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Primary Pulmonary Hypertension and Moyamoya Disease: Case Presentation and Review of Literature

AUTHORS

Fatemeh Vaziri 1 , Shahla Roodpeyma 1 , * , Narges Ashrafinia 1

1 Department of Pediatric Cardiology, Shahid Modarres Hospital, Shahid Beheshti University of Medical Sciences, Tehran, IR Iran

How to Cite: Vaziri F, Roodpeyma S, Ashrafinia N. Primary Pulmonary Hypertension and Moyamoya Disease: Case Presentation and Review of Literature, J Compr Ped. 2013 ; 4(3):155-9. doi: 10.17795/compreped-11143.

ARTICLE INFORMATION

Journal of Comprehensive Pediatrics: 4 (3); 155-9
Published Online: June 1, 2013
Article Type: Case Report
Received: March 13, 2013
Accepted: June 9, 2013
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Abstract

Introduction: Primary pulmonary hypertension (PPH) is an uncommon disease in children. This pulmonary vascular disease may be idiopathic, familial or a kind of hereditary systemic vasculopathy. Multisystemic vascular diseases in children are rare and may be under-recognized. A few reports have described the involvement of cerebral vessels such as moyamoya disease (MD) in patients with PPH. MD is a unique cerebrovasculopathy, characterized by occlusion of the internal carotid arteries.

Case Presentation: We reported a 2-year-old boy with PPH, who presented unusual and intractable seizure which suggested the diagnosis of MD. We also reviewed a few previous reports about the association of PPH with moyamoya disease.

Discussion: Moyamoya disease is a kind of cerebral vasculopathy and should be considered as a differential diagnosis for patients with unusual seizure attacks who are suffering from primary pulmonary hypertension.

Keywords

Moyamoya Disease Pulmonary Hypertension Vascular Diseases

Copyright © 2013, Iranian Society of Pediatrics. This is an open-access article distributed under the terms of the Creative Commons Attribution-NonCommercial 4.0 International License (http://creativecommons.org/licenses/by-nc/4.0/) which permits copy and redistribute the material just in noncommercial usages, provided the original work is properly cited.

1. Introduction

Pulmonary hypertension has been defined as an increase in mean pulmonary arterial pressure which is greater than or equal to 25 mmHg at rest as assessed by right heart catheterization (1). Pulmonary hypertension is associated with pre-capillary obstruction of the pulmonary vascular bed as a result of hyperplasia of the muscular and elastic tissue and a thickened intima of the small pulmonary arteries and arterioles. The most recent clinical classification (Revised WHO classification of pulmonary hypertension) defines five pulmonary hypertension groups with pulmonary arterial hypertension (PAH) as group 1. PAH can be idiopathic, familial, or associated with conditions such as congenital heart disease and can occur at any age (2). The presence of PAH with a normal pulmonary capillary wedge pressure is the diagnostic of primary PAH. At least 6% of individuals diagnosed with PPH have a family history of the disorder. Mutation in the gene for bone morphogenetic protein receptor-2 (BMPR-2) on chromosome 2q33 has been detected in at least 60% of the families studied to date (3). PPH is characterized by pulmonary vascular obstructive disease and right-sided hear loss. The progression of PPH is usually rapid in children as compared to adults and the mean survival is 2-3 years after diagnosis. Life-threatening arrhythmia may result in sudden death in some of these patients (4).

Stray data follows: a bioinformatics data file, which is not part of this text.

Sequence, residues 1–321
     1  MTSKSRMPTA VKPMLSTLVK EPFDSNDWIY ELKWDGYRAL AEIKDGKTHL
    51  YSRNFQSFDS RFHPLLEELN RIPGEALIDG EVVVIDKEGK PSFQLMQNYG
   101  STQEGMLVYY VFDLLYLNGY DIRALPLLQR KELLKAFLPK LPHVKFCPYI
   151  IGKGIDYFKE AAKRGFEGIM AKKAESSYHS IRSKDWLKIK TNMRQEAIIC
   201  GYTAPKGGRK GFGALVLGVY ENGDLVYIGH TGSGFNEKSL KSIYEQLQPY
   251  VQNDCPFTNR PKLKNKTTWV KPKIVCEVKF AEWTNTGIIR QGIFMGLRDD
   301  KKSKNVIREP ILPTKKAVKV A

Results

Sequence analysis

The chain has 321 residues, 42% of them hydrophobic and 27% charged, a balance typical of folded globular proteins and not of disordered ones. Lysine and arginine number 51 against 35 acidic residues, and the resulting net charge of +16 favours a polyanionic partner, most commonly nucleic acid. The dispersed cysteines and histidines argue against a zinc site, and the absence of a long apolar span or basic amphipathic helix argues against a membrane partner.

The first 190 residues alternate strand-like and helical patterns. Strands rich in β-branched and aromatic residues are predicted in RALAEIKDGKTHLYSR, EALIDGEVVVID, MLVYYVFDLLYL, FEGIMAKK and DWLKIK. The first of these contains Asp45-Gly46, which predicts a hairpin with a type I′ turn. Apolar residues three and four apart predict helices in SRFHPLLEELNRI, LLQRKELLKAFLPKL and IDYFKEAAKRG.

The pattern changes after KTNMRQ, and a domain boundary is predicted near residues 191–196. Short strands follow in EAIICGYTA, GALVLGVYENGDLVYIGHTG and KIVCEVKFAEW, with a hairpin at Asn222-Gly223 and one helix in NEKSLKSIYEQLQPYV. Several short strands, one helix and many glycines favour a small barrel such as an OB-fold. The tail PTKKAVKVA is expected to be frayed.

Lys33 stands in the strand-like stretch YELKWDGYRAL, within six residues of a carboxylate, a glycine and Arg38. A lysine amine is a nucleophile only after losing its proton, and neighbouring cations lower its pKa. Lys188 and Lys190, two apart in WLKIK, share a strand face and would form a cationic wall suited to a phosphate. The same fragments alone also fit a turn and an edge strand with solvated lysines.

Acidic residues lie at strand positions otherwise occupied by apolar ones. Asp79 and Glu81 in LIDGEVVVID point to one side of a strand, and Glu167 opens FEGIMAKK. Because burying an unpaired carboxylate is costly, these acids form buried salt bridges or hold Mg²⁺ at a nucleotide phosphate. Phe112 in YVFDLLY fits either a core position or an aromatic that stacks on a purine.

MD is a kind of cerebral vascular disease with unknown etiology. The principal feature of this disorder is progressive stenosis in terminal segments of internal carotid arteries and its main branches. The above pathology results in a compensatory collateral network at the base of skull or circle of Willis. For the first time in 1969, Suzuki and Takaku noticed that the appearance of this collateral network in cerebral angiography is similar to a puff of smoke; so they called it moyamoya (4). The peak incidence of disease in childhood is at 5 years of age, and in adults it is at the forth decade of life. The female/male ratio is reported to be 2/1. Eighty percent of children suffering from this disease present frequent episodes of stroke or transient ischemic attacks. Signs are usually exasperated by hyperventilation; such as crying, coughing, or straining. Other atypical signs comprise syncope, paraparesis, visual disturbances, and involuntary movements. Microthrombi formation in stenotic vessels results in endothelial damage, intimal thickness, and proliferation of smooth muscles. In 15% of patients, the disease had been occurred in other members of family. No effective medical therapy is applicable to treat children with MD. Treatment is largely based on surgical renovascularization procedures (5).